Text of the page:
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Job Hunting? Use These 5 Tricks To Make Unconscious Bias Work In Your Favor!

By Dr. Darla Shaw, SPHR, MBA, MLS, PhD.

We all know that bias is wrong. There are even laws against discrimination that prevent bias from influencing decisions based on race, gender, age, disability, sexuality, etc. But that doesn't mean it doesn't still happen, and in more ways than you might think!

As an HR Executive, I am always trying to educate hiring managers and recruiters on unconscious bias and how to avoid it, but I know it still happens.

So, to even out the odds, here are some very specific ways the CANDIDATE can make unconscious bias work in your favor!

1. Be First Or Last At Every Stage

It turns out that the order in which people are introduced to information impacts both what they remember as well as how they think about that person. Sometimes people compare everyone to the first person they interviewed, or the last person they interview is easiest to remember and thus, they think they're better.

For you as the job applicant, these means you want to be either the first or last during every stage, from application to interviews!

Found a job ad online that just posted? Apply quickly! Interviewers are most likely to select applicants from the first 100 resumes, and then if that first round of interviews fails, they'll go to the resumes that just came in last (often two to three weeks later).

Scheduling your interview? Try to find out where they are in the hiring process. If you're right in the middle, try to get a slot early in the morning or be the last interview of the day. It's always best to come in at the beginning or tail end of the hiring process if possible.

2. How You Look And What Colors You Wear Actually Matters!

People are naturally biased towards people who are more attractive. That's just a sad fact, but we all know that unconsciously, which is why I'm sure you'll spend plenty of time in the mirror perfecting your look before the interview!

But did you know what you wear and what colors you wear matter too? Especially for women!

A study conducted by Professor Sandra M. Forsythe shows that women who wear more angular/masculine lines and masculine colors like black or navy blue are more likely to get hired. Black and navy blue are also associated with professionalism, and are good for anyone to wear at an interview! Skipping high heels for flats? Bad idea. High heels are considered more professional!

Do you wear contacts instead of glasses? You might want to put on those spectacles for the interview. Studies show people with glasses are perceived as smarter!

Gentlemen, avoid the color red in your ties, as this color is associated with anger and aggression. Wear the color blue instead! People who wear lighter blues are considered friendly and personable, while people who wear green are considered more disciplined.

3. Big Accomplishments Overshadow Everything Else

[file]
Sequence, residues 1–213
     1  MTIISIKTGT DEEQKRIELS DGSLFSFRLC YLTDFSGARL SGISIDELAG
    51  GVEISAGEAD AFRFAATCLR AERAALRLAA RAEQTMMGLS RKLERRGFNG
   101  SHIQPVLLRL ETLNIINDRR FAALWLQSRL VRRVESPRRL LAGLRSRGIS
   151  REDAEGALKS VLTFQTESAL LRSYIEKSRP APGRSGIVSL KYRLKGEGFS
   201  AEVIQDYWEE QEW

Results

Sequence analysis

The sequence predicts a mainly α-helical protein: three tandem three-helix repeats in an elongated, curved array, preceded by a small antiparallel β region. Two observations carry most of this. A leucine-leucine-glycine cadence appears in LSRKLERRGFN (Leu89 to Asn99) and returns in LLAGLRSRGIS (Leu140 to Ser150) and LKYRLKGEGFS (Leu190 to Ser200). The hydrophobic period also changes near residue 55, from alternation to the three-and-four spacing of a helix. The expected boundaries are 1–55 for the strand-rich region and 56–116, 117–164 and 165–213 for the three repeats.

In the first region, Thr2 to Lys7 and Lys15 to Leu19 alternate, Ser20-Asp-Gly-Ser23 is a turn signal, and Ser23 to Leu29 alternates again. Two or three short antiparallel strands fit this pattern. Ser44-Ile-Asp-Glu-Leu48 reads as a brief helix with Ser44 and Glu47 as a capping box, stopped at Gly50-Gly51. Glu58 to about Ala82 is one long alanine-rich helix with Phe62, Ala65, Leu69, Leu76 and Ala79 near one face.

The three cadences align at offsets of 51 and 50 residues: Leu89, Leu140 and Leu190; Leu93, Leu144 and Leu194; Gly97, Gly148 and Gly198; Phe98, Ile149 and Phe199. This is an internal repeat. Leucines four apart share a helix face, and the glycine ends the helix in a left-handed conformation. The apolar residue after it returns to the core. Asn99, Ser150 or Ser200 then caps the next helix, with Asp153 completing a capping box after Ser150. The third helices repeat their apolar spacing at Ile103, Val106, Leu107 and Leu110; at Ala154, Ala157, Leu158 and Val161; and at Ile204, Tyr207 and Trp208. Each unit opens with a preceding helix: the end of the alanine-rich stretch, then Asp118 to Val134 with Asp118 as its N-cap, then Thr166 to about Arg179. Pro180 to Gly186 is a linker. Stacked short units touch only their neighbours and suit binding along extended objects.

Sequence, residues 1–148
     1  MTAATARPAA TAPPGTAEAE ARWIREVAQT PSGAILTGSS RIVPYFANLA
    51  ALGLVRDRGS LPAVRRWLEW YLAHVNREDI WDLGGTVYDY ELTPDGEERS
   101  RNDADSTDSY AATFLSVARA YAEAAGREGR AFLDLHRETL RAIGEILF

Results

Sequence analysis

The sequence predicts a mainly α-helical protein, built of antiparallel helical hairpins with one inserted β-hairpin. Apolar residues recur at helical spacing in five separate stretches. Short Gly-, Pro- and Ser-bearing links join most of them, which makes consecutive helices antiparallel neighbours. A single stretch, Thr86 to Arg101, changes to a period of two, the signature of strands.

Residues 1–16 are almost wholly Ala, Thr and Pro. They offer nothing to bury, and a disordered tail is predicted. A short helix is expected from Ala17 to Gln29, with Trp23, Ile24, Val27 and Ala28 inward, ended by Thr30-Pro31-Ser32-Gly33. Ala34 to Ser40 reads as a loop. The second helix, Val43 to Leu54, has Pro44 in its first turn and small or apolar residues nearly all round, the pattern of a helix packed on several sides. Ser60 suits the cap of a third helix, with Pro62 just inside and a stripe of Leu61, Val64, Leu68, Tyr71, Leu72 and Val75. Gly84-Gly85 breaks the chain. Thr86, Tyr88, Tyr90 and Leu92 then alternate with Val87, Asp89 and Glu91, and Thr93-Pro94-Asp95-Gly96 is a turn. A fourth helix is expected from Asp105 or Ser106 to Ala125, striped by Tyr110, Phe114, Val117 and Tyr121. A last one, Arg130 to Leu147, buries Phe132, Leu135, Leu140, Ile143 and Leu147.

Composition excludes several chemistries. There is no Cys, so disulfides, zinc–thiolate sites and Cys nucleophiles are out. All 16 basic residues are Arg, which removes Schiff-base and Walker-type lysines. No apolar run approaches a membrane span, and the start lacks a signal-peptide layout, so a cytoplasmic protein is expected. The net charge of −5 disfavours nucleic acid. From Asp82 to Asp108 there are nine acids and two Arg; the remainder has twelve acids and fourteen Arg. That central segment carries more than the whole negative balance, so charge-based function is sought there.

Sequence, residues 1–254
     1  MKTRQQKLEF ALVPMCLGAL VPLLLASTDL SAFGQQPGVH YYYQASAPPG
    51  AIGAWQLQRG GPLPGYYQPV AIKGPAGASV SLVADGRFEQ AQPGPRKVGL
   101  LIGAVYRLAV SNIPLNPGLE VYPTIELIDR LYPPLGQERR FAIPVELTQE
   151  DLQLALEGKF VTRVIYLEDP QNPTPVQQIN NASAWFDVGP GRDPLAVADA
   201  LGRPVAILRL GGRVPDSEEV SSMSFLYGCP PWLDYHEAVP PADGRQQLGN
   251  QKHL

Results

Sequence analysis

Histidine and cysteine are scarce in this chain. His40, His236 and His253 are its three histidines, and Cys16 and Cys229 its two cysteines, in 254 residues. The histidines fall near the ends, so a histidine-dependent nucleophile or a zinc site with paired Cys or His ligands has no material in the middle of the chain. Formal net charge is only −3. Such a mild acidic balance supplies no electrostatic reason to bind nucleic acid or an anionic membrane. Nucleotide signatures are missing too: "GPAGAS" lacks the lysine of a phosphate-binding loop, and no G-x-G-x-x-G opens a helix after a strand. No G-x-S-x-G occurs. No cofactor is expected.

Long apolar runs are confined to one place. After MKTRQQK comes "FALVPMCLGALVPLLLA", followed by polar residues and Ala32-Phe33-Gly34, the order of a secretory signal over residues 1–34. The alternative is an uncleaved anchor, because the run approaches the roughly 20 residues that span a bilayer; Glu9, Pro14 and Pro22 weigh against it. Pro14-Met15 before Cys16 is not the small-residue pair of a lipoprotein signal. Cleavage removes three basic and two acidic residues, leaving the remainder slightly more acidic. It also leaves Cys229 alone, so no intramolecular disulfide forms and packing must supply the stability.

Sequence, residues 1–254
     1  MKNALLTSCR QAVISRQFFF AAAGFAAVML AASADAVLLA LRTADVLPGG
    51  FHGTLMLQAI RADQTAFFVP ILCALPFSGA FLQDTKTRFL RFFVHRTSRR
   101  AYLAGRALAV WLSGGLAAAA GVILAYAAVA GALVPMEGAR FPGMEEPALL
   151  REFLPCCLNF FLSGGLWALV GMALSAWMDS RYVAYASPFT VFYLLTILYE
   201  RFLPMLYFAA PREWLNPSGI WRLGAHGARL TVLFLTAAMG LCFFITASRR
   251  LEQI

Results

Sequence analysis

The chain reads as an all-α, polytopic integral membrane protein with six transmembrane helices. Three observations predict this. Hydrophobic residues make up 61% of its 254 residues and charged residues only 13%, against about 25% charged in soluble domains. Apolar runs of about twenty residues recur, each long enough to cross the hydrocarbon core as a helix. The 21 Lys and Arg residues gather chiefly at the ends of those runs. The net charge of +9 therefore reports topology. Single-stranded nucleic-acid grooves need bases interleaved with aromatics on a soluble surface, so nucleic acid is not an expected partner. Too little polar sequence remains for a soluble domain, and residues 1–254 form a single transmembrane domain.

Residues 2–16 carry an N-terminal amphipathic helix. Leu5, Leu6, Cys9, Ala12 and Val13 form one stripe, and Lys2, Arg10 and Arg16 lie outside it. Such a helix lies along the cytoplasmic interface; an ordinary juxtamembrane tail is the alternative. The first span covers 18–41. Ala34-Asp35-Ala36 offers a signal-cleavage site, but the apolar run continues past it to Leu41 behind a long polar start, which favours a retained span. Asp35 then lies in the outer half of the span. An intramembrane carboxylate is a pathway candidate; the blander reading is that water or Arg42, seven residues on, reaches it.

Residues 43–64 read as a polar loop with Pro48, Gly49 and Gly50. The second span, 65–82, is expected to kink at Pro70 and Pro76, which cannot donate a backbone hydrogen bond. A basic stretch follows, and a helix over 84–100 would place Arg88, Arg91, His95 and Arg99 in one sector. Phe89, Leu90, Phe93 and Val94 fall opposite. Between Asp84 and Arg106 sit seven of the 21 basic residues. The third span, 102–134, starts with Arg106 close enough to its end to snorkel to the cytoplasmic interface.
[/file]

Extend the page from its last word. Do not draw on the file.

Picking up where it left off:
So you got your interview! Congratulations. You now look the part and you're first on the list. So how do you use that to your advantage? It's called the "Halo Effect". In short, it's the assumption that a positive attribute or impressive accomplishment in one area implies aptitude in other unrelated areas.

Did you graduate from an Ivy League school?

Saved your last company millions of dollars?

Be sure to come armed with stories about your biggest accomplishments!

4. Find Things In Common

Did you go to the same college? Love the same sports team? The best thing you can do in an interview is find common ground. Look around the office! If you see Spock on a shelf and you're both Star Trek fans, be sure to bring it up!

The "Similar to Me" bias is a powerful one, which states we are more likely to like and remember people who remind us of ourselves. Just mentioning a few things you have in common with your interviewer can make them inclined to like everything that comes out of your mouth!

Also, mirror their body language whenever possible (without looking ridiculous or obvious about it). Mirroring a person makes them thinking you are like them, and also gives the impression you're a great listener and that you're mentally in sync.

5. It's Not What You Say But HOW You Say It

Say there is a drug that heals one out of every three patients and another drug that fails 66% of the time. Which are you more likely to go with?

It’s a trick question (the likelihood of success are roughly the same for both), but most people are much more likely to go with the first drug. It’s called the framing effect, and it’s the reason why how you present information is so important.

On your resume, this means writing bullets out as achievements and not as responsibilities. And in an interview, this is why you want to keep all your language somewhere between neutral to positive—even when you’re talking about a negative experience. “I certainly could have had a better relationship with that client—it’s an experience I learned a lot from,” sounds a whole lot better to a hiring manager than “I hated working with that client.”

Also, percentages are better than fractions, as demonstrated, and so it's always better to use percentages and even numbers when you're talking about your statistical accomplishments.

If All Else Fails....

Sometimes nothing can make up for just being the best applicant for the job and having a really good conversation with your interviewer. In the end, they'll go with a combination of your qualifications and their gut. Leave a good impression, make sure to smile and practice promoting your achievements.

We're all human, and in the end, there's nothing we can do to entirely eliminate bias, but hopefully, the odds are a little more even now.

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